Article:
Last Wednesday, British writer Susanna Clarke, 61, managed to take home the prestigious Women’s Prize for Fiction for her witty fantasy book Piranesi. Clarke won the prize for her second novel, which came out 16 years after Jonathan Strange and Mr. Norrell and became a worldwide bestseller.

Set in a magical alternative reality, Clarke’s award-winning novel includes a series of diary entries by Piranesi – the title character, who lives an almost lonely existence in the marble maze of a house where he follows the goings-on in and around the house. He is dreamily content there, with birds, statues, and his own scribblings for company, believing himself alone in the world except for visits from a well-dressed Other, who brings vitamin pills and appears to be studying him. The brilliantly peculiar book has been predicted by Neil Gaiman to “be too unusual and strange for the general public.” Clarke admitted the same saying, “When I finished it I thought: ‘This is so different, I don’t know whether anyone is going to understand it because it’s so peculiar.’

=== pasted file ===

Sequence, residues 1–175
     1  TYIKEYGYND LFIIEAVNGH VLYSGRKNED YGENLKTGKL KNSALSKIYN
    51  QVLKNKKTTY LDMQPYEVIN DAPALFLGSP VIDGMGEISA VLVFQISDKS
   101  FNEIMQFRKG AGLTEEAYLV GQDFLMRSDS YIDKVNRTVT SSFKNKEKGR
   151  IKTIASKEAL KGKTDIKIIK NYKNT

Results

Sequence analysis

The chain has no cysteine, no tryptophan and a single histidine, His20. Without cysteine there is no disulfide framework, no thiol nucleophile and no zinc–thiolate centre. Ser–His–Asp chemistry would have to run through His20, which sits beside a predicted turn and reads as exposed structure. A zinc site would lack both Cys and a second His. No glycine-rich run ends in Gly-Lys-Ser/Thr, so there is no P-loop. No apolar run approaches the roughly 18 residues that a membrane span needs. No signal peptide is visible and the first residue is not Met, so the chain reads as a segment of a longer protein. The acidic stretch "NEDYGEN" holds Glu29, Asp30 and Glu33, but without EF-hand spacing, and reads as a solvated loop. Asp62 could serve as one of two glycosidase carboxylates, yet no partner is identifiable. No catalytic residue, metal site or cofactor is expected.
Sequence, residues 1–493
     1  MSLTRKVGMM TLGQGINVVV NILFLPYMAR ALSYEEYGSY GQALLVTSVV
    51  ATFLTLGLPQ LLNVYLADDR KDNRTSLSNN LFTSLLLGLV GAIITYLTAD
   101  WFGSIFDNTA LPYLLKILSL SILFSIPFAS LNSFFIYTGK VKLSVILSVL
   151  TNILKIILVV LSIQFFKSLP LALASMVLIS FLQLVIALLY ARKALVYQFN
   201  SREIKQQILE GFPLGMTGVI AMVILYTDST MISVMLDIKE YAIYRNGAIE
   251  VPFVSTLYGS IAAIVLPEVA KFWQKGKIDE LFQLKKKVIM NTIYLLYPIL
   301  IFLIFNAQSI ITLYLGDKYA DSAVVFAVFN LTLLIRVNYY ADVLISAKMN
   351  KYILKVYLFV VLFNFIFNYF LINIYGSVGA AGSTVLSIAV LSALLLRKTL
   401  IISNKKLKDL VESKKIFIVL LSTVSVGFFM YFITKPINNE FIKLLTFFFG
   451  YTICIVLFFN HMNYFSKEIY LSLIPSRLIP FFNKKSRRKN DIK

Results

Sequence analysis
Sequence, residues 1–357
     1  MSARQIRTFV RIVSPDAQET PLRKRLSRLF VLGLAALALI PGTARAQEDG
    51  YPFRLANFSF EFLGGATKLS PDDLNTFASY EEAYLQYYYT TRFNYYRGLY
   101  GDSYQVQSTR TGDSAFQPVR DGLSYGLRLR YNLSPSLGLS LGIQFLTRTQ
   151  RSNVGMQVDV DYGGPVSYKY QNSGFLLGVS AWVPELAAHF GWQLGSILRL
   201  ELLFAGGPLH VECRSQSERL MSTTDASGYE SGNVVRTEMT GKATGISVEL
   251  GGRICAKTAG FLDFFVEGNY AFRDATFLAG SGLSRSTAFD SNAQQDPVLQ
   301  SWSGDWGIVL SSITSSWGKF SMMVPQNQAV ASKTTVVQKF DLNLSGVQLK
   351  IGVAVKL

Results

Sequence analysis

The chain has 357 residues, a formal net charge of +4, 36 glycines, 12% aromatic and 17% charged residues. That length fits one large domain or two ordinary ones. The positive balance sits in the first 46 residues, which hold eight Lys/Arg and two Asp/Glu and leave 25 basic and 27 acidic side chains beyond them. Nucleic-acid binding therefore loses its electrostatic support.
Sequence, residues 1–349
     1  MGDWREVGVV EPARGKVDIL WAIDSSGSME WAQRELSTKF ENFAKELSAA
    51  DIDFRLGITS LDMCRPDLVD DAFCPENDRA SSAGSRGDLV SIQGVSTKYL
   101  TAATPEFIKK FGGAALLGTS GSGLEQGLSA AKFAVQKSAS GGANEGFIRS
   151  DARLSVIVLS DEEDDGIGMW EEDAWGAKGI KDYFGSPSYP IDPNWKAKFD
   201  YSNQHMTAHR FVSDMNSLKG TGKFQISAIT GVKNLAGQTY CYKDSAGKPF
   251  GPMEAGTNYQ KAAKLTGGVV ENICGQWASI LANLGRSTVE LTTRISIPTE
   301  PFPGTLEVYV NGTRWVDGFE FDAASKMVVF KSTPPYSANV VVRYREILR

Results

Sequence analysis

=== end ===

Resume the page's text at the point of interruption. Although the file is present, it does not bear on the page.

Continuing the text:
Like Jonathan Strange and Mr. Norrell, her second novel, the fantasy story of Piranesi, has received numerous awards and was nominated for the Costa Book Award for the novel of the year and honored by the British Science Fiction Association as Best Novel. Both of Clarke’s stories have had a lasting impact as nominees and as winners of multiple awards and honors. Jonathan Strange and Mr. Norrell, published by Bloomsbury in 2004, has been sold in 34 countries and produced in 2015 as a Curtis Brown television series for the BBC and BBC America.